Welcome Julie Bloss Kelsey, and congratulations on your first poem on Tinywords!
I really enjoyed your opening image, which is quite unexpected. I come from an area where it never snows, so had to look up the expression, and find that it is a rather technical meteorological event – giving us a scientific seasonal reference. And it creates an ambiguous mood in regards the relationship implied in the rest of the verse, that really lifts this haiku out of the ordinary. On one reading the unnamed "he" thinks he has an answer for everything, but as is frequently argued in public discourse about the limits of scientific knowledge, "science" cannot answer moral, spiritual or personal conflicts. On that reading the author seems to be making a clever ironic play on what he doesn't know, what he cannot answer. And in the end, lake effect snow is cold after all.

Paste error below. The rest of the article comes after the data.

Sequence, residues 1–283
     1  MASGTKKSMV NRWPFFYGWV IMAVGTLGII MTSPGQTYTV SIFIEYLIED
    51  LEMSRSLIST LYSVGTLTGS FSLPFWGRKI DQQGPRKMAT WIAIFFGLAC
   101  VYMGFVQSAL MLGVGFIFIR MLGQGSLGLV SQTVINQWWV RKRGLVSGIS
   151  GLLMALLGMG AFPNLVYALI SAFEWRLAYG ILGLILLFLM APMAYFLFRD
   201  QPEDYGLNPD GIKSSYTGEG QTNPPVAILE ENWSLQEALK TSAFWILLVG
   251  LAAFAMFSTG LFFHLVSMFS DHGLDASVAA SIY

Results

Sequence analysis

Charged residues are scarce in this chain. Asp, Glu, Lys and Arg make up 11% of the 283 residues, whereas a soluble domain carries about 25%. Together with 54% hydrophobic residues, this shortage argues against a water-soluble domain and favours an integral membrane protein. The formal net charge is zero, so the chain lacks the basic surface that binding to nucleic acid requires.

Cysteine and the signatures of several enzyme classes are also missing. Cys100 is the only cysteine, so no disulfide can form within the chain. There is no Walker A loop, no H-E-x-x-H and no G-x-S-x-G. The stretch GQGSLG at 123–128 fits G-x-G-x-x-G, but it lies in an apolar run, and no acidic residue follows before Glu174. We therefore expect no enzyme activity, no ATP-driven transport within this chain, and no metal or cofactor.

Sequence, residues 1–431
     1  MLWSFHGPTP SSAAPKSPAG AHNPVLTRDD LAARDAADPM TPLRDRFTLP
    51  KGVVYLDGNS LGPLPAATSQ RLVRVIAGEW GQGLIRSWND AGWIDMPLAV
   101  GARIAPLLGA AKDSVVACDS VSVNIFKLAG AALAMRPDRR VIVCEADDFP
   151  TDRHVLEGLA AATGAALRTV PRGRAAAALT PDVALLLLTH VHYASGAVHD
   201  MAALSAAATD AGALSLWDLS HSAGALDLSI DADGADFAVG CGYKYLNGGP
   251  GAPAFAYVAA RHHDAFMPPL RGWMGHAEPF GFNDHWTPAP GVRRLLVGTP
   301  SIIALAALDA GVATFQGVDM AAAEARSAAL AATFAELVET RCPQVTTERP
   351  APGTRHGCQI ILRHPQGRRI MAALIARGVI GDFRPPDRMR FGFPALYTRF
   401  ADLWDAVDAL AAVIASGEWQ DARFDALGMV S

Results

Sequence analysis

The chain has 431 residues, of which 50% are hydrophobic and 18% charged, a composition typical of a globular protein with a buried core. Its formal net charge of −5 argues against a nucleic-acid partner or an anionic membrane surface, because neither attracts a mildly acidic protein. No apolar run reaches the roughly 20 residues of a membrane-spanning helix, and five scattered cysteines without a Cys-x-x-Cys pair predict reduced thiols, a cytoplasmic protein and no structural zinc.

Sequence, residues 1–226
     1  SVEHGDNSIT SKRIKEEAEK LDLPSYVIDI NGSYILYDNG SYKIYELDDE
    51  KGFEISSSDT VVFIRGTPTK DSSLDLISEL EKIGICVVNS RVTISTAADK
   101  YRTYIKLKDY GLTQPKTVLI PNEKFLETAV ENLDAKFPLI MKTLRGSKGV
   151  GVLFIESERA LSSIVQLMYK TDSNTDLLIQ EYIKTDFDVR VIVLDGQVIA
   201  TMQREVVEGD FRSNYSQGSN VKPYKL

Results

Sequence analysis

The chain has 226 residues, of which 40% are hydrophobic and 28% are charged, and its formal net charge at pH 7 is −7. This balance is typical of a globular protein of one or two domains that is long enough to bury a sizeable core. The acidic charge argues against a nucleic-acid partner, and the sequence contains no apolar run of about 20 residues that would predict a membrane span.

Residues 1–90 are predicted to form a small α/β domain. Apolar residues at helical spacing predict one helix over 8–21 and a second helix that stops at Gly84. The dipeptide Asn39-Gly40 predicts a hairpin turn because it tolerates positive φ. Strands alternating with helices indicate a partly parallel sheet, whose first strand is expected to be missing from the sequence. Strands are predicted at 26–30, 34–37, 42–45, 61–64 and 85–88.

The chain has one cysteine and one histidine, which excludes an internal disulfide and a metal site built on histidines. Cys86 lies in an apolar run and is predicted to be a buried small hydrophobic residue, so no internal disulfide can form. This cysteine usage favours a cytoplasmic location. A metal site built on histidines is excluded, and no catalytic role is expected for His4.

Thank you all for the warm welcome. :) This poem was inspired by the time I lived near Salt Lake City. When I was growing up, there was a personable and entertaining weatherman who dressed up in a white suit for the evening forecast every time that he predicted snow. Quite often, "the lake-effect" was cited as a reason that more snow fell here or there or his forecast didn't quite live up to predictions. In my mind, that little phrase is a catch-all for why things don't always turn out as planned. So Dirk, you are right on both counts. This little poem is a personal favorite of mine and I'm glad it has finally found a home here.